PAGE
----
Re-wilding is the restoration of habitats and dwindling species so that nature can thrive. In recent years many re-wilding projects have taken place all over Britain in response to the detrimental effects of climate change, mismanagment or neglect of land and the resultant loss of native wildlife. This holistic approach endeavours to help nature recover through the re-building of natural ecosystems with the hope that their future be re-invigorated and self-sustained. Re-wilding helps people reconnect with nature and understand the importance of preserving and safeguarding habitats, whilst establishing harmonious relationships. Farming, fishing and forestry initiatives can all help reverse the loss of bio-diversity through micro projects that every household can get involved with in order to leave a positive legacy for future generations. Creating natural ponds, bug hotels, wildflower meadows and chemical free environments can all help to support nature and aid it in bouncing back. The following YouTube videos show how time-lapse photography can perfectly document re-wilding projects and show their positive impact on differing landscapes.
This YouTube video by ReWilding Britain shows the creation of an exhibit for the RHS Chelsea Garden Show which won the coveted ‘Best Show Garden’ prize. Surrounded by wildflowers and tall bushes, a brook ran though the show garden showing the tranquility and beauty of more naturally designed gardens. A wildlife hide, sticks gnawed by beavers and the infusion of weeds showed that this more rustic space can be as aesthetically pleasing as a more formal garden. Soundscapes of beavers were played in the garden with the intention of encouraging people to learn more about this endangered species and their influence on the eco-systems of Britain. Although this show garden was not strictly a permanent re-wilding space, it offered the attendees the opportunity to feel what our natural landscape should be like and to see the undeniable beauty of wild nature.
In this video by Wild Your Garden With Joel Ashton he shows how to cut and clear a wildflower meadow. Cutting the meadow is incredibly important, as it stops grass taking over and creating an impenetrable thatch that prevents the wildflowers from growing. Cutting the meadow can also increase the wildflower species and can extend their flowering period. This meadow was planted in 2017 and this fabulous natural habitat of so many insects and animals will be sustainable for many generations to come. When in full bloom this space will not only affect the bio-diversity of the area but will look incredibly beautiful too.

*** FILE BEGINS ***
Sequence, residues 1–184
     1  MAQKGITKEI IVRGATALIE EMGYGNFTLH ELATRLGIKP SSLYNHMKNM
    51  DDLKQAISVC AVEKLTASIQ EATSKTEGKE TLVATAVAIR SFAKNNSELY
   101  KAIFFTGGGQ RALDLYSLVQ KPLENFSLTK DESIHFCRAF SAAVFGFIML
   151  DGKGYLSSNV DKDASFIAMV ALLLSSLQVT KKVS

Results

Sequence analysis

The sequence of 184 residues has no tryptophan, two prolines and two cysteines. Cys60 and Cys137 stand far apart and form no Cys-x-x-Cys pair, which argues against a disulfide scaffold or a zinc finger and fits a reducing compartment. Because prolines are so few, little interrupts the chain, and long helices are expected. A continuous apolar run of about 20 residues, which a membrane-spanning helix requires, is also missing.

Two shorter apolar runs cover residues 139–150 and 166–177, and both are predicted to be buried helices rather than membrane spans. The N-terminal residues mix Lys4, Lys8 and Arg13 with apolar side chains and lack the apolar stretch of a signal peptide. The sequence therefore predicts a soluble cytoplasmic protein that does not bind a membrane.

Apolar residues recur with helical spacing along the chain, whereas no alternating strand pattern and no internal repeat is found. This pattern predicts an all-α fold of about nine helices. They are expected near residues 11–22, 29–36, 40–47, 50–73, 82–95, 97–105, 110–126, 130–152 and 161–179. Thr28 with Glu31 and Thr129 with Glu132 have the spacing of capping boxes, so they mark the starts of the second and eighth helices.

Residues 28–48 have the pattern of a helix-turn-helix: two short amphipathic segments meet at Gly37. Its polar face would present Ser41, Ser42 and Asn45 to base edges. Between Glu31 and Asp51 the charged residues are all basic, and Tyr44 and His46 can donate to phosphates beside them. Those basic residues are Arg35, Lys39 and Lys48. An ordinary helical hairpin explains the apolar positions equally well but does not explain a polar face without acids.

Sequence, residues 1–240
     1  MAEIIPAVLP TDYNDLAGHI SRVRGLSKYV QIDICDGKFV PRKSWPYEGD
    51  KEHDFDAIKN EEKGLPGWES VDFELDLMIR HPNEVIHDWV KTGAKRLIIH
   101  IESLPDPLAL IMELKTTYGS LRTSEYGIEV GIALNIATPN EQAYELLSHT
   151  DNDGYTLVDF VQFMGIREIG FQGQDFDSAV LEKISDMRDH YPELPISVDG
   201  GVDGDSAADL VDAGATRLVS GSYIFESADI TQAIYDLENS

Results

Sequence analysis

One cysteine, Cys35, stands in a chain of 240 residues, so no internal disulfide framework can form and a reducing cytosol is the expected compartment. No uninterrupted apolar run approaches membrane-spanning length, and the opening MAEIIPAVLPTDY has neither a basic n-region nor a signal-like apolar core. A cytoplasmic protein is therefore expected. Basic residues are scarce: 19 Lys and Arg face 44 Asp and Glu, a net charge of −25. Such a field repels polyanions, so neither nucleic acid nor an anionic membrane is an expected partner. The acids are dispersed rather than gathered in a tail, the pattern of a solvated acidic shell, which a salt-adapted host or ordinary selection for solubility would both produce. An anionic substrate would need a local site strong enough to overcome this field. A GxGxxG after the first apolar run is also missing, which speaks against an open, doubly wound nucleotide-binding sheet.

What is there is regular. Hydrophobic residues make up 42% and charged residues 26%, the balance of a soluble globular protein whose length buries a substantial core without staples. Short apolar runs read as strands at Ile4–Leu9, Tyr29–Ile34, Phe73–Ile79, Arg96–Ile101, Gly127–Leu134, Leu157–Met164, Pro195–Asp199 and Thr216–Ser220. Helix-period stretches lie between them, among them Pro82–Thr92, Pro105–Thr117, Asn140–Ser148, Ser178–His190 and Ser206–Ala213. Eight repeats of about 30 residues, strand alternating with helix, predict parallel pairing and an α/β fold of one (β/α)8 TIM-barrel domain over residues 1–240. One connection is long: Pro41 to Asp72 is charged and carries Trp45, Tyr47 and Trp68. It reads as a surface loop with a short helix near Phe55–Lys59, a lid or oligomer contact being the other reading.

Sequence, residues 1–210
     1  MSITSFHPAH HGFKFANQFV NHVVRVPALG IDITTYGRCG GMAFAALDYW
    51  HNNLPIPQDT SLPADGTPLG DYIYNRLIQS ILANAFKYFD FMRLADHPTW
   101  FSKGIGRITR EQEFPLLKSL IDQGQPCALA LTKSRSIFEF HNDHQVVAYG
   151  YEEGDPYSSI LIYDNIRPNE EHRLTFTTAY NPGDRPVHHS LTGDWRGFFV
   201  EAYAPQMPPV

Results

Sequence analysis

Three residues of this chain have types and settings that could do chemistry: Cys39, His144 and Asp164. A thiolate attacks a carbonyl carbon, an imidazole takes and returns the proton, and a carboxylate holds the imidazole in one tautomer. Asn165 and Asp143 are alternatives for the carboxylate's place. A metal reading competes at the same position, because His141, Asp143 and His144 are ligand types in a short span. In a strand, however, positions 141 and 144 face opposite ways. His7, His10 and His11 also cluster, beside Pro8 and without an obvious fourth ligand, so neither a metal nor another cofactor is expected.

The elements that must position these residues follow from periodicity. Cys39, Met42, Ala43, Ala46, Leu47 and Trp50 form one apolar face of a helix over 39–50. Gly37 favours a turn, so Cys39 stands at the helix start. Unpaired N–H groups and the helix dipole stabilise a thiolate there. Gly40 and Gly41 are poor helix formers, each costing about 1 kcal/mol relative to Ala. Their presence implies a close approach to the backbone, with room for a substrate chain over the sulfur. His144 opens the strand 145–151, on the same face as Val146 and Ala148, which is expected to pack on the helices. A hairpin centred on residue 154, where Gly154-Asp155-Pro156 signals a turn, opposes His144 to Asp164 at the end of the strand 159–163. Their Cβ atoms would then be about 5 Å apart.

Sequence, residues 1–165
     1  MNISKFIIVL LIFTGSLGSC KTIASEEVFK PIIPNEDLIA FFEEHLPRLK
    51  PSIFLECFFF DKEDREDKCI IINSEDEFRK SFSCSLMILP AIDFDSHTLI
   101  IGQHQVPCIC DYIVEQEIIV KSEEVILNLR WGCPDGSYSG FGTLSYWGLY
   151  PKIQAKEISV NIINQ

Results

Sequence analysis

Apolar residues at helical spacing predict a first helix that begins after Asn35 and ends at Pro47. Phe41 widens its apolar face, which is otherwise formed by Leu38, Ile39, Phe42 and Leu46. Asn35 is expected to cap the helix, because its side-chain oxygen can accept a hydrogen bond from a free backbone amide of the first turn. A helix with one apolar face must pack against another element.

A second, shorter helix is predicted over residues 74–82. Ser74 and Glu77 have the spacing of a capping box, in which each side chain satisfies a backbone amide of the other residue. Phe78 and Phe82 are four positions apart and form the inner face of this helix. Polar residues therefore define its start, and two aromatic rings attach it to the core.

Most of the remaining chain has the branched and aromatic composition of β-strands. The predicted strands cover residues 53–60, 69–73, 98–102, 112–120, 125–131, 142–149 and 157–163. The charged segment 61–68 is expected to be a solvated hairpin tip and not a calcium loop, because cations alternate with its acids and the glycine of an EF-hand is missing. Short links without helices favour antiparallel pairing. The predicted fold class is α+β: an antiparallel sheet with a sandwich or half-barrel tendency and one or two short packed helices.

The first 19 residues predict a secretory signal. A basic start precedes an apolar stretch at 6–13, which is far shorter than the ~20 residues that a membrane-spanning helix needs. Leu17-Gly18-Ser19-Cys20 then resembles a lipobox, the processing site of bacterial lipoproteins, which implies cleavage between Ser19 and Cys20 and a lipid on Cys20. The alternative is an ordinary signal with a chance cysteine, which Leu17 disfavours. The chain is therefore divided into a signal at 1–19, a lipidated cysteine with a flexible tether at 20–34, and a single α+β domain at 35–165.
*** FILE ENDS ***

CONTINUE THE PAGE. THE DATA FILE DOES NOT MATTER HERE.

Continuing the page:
Mark Harris shared this YouTube video of the time-lapse of insect activity in a homemade bug hotel. Offering a safe hideaway for insects, such habitats can be made from a range of household items such as branches, pallets or even cardboard egg cups. Many people experiment with different designs making sophisticated and creative garden features that are perfect for insects to hibernate and nest in. A great craft activity for children, the bug hotel in this YouTube video they can be very simple to make. This video features a log with a range of holes drilled into it which is perfect for burrowing bugs. Food can also we placed in the holes to encourage bug activity, a great tool for helping little ones to get closer to nature.
At Time-Lapse Systems we are committed to looking after our environment for future generations. We utilise solar energy where possible to power our systems and have a sustainability policy in our offices. We are incredibly proud to have worked for a number of eco-pioneering companies such as Tesla and we work closely with conservation projects for the RSPB , Natural England the Norwegian Polar Institute, and with Dr Tom Hart and his colleagues at Oxford University in their work monitoring penguins and other sea birds in the Antarctic.
We are the leading provider of time-lapse services for the construction industry and work for a range of clients who have achieved a ‘Building Research Establishment Envionmental Assessment Method’ (BREEAM) excellent rating. Used to specifically measure the sustainability performance of buildings, a set of benchmarks are used to assess the carbon emissions, low impact design, adaptation to climate change, ecological value and biodiversity protection amongst other criteria. Not only do we love to see that many of our clients are ecologically focused but we also love how time-lapse is being harnessed to document a range of exciting projects that have sustainability at its core.